OLAN, LEVI ARTHUR
OLAN, LEVI ARTHUR (1903–1984), U.S. Reform rabbi and theologian. Olan was born in Russia and immigrated to Rochester, New York, in 1906. He received his B.A. from the University of Cincinnati in 1925 and was ordained by the *Hebrew Union College in 1929. He was awarded a D.D. by HUC-JIR in 1955, and a D.H.L. by Austin College in 1967 and by Southern Methodist University in 1968. He served as rabbi of Temple Emanu-El in Worcester, Massachusetts (1929–49), where he was also president of the United Jewish Charities and an organizer of the People's Forum, sponsoring such speakers as Norman Thomas and Clarence Darrow. In 1949, he was named rabbi of Temple Emanu-El in Dallas, Texas, becoming emeritus in 1970. He also lectured at Southern Methodist University's Perkins School of Theology and at Texas Christian University.
In Dallas, Olan was the host of a popular weekly radio program, which later expanded to television, on the religious issues of life. His courageous attacks on racial segregation earned him the sobriquet "the conscience of Dallas." He was appointed chairman of the city's Housing Authority, a director of the Human Relations Commission, and a regent of the University of Texas.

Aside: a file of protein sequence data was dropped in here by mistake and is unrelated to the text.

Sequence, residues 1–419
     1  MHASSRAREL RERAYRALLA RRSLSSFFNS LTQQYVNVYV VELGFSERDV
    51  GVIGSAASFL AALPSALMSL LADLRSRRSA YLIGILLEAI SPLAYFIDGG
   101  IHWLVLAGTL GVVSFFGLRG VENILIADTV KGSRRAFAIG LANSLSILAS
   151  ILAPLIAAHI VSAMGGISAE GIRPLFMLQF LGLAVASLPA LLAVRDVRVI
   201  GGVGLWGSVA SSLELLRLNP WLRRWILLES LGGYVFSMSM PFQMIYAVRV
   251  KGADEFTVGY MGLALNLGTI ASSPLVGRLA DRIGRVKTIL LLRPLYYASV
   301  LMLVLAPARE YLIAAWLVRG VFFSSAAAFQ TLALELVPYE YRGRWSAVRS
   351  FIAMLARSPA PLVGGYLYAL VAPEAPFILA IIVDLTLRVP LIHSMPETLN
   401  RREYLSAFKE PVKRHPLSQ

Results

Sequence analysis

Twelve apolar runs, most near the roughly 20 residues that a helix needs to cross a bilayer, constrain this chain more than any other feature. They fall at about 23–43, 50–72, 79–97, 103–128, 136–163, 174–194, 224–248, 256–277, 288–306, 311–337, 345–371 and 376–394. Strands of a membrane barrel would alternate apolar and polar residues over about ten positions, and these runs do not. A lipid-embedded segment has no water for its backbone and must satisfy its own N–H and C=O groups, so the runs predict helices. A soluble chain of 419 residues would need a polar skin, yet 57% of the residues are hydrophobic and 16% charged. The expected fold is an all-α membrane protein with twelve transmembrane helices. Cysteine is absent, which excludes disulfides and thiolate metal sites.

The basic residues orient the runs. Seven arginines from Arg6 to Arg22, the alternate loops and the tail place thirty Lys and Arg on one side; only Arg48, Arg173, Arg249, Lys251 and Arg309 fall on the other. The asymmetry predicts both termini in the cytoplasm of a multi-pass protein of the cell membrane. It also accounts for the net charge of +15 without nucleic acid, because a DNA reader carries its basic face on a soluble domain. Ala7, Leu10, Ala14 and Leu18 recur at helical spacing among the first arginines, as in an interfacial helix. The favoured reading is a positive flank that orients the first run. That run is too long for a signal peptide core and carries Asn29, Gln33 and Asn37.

In the *Central Conference of American Rabbis, Olan was instrumental in establishing a Special Interest Group in Jewish Theology, which he chaired from 1961 to 1965. He also
As a theologian, Olan described himself as a religious liberal, a rationalist who stressed the role of reason and experience in the search for truth. A philosopher who sought to narrow the gap between conflicting religious and secular points of view, his thinking influenced colleagues, as reflected in the book A Rational Faith, Essays in Honor of Levi A. Olan (1984). Olan himself wrote Judaism and Immortality (1942, 1971), Prophetic Faith and the Secular Age (1982), and Maturity in an Immature World (1984; an anthology of his broadcasts).
[Bezalel Gordon (2nd ed.)]
Source: Encyclopaedia Judaica. © 2008 The Gale Group. All Rights Reserved.